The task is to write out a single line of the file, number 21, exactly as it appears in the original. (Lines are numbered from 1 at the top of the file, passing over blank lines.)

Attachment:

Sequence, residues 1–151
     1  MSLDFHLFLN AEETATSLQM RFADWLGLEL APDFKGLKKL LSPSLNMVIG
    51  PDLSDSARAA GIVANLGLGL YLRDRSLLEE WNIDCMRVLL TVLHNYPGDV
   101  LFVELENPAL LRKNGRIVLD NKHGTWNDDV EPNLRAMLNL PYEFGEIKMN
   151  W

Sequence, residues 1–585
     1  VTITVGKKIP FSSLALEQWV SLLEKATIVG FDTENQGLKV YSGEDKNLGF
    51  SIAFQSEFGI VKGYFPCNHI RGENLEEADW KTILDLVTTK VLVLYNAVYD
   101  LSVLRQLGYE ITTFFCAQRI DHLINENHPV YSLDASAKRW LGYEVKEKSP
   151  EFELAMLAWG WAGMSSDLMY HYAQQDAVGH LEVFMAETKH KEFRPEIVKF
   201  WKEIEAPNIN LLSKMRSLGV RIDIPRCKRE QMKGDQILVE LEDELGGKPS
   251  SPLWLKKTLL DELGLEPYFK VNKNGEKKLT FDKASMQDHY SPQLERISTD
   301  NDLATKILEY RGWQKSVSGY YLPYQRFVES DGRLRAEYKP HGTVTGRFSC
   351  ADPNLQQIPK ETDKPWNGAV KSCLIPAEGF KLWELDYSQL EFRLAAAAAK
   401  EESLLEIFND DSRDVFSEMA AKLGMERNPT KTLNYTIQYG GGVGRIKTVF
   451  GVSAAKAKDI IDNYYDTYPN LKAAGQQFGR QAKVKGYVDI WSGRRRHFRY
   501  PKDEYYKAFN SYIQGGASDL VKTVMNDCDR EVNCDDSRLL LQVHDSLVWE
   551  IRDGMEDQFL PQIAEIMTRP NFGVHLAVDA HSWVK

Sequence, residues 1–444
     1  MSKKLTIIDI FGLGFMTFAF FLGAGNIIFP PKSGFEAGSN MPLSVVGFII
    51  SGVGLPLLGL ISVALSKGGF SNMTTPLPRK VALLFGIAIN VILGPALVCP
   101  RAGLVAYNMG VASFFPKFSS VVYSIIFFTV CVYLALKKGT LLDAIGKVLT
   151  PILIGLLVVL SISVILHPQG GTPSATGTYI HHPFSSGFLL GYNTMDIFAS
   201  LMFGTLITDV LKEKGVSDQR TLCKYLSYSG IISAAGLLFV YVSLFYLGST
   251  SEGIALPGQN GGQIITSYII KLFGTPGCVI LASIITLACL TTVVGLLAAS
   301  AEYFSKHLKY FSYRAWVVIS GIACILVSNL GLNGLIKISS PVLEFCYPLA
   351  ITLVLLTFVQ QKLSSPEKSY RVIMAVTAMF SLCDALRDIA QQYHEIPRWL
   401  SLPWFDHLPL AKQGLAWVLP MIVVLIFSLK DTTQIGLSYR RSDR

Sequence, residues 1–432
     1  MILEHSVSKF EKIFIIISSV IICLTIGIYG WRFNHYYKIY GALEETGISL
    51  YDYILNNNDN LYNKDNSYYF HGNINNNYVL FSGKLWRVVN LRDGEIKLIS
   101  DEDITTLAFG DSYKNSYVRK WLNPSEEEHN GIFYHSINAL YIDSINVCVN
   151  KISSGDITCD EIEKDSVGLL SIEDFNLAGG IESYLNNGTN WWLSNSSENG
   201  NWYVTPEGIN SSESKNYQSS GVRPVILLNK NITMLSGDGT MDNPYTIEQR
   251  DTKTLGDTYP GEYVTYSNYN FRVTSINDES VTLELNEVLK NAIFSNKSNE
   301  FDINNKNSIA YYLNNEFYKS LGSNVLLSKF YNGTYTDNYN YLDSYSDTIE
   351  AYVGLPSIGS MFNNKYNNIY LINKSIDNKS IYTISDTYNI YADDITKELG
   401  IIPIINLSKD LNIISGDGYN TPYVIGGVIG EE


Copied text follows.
    51  SGVGLPLLGL ISVALSKGGF SNMTTPLPRK VALLFGIAIN VILGPALVCP